Some such exposure is important, as the sojourns are a part of an identity project for creating a modern and global identity. The students attempted to appropriate these qualities for themselves by embodying what they associate with the developed world. Most importantly, their futures should be created by their own choices, and not by tradition, so that they might have elective lifestyles rather than prescribed life-courses. In this way, they have both spatial and social mobility.
Ironically, this requires a disembeddedness, which contributes to the emotional distress of not belonging. In the early stages, their existence was dominated by the difficulties of international student life. Having to adapt to a new place and being without a social network was taxing for them. A number developed psychological and emotional problems, such as depression, anxiety, disturbed sleep, etc. Such problems are common to international students, and tend to pass.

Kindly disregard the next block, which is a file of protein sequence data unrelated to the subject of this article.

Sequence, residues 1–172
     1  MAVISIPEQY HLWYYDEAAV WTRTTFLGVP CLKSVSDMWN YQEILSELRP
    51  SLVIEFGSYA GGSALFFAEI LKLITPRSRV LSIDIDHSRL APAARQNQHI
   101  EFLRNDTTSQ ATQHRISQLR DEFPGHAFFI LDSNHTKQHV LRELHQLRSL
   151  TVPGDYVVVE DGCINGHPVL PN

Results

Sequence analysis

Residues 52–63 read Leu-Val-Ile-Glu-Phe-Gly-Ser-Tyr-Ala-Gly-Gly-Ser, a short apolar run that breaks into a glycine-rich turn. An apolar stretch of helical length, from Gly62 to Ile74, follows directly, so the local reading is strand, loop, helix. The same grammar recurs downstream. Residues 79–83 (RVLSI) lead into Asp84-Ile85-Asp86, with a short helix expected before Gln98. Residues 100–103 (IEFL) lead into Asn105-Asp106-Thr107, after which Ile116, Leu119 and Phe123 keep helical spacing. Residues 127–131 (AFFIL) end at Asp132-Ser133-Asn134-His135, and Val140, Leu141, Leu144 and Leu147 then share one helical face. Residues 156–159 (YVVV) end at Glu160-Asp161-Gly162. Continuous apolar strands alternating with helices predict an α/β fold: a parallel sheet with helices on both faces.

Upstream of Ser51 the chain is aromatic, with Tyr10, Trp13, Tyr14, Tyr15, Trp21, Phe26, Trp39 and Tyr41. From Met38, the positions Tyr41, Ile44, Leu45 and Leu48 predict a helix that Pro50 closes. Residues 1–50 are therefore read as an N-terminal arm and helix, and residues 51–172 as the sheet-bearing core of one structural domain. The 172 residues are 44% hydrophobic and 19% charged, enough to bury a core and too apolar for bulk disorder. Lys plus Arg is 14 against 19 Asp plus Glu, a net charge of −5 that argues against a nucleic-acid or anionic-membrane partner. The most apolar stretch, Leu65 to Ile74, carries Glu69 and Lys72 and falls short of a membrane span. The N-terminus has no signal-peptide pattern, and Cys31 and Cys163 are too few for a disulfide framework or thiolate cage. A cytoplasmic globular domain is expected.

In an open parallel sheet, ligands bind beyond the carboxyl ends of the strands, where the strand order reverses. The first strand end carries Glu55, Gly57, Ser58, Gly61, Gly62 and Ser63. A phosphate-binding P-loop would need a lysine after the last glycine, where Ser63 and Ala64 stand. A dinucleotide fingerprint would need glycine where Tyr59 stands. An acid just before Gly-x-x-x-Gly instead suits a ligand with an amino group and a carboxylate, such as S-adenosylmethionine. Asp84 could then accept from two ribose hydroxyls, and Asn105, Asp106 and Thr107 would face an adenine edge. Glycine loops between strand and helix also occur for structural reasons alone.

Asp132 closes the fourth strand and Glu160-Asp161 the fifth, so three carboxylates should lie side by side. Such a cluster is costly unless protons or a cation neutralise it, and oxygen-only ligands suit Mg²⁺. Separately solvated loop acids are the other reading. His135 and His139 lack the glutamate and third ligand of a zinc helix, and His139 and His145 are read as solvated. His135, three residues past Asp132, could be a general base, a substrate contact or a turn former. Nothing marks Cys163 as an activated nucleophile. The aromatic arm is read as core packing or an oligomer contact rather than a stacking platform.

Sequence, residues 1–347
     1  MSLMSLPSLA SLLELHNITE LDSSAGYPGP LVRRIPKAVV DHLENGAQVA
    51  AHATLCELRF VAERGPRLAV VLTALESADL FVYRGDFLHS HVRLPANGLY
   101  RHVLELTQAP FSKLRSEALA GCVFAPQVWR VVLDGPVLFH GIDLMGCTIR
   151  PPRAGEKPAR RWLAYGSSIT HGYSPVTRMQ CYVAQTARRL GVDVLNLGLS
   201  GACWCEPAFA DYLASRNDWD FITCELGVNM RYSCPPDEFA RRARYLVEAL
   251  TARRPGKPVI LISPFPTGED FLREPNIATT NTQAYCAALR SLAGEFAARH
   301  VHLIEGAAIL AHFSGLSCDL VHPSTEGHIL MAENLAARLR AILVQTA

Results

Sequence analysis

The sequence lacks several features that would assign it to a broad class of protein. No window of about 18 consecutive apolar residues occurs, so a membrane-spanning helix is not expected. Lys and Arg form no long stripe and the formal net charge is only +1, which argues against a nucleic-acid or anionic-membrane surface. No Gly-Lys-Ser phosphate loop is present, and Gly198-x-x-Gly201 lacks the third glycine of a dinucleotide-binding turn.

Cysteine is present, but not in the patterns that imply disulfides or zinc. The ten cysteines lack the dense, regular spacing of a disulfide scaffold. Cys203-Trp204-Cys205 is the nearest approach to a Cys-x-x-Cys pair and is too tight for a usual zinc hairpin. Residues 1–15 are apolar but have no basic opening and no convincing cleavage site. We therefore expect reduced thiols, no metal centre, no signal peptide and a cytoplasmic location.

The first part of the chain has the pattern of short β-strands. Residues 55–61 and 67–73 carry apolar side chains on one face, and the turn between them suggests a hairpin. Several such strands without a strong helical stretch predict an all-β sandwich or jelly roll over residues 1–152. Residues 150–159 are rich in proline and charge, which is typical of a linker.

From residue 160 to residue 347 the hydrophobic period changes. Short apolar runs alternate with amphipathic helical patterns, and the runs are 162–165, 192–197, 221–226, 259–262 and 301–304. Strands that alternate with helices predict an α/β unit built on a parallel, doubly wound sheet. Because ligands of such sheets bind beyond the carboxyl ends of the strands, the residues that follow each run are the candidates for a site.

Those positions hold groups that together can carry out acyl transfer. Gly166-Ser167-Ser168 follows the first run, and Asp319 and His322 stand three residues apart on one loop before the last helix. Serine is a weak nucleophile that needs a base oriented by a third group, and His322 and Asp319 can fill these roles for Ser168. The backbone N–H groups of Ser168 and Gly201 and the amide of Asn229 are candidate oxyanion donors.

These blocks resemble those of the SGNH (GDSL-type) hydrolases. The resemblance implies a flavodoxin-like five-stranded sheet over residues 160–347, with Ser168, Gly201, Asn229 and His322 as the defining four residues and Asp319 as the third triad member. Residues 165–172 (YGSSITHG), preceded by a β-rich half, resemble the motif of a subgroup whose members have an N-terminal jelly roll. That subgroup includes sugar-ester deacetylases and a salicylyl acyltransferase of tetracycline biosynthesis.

Although there are many alternatives open to them, the students here discussed resolved these issues through religious involvement. Many Chinese students became involved in the congregation to various degrees, some going so far as to be baptised, while others remain more peripheral. The LEC served several functions, besides those mentioned above. It also gave them a moral code to follow, which further alleviated distress. Above all, the LEC provided a feeling of belonging, which resolved some of the uncertainty that the students felt.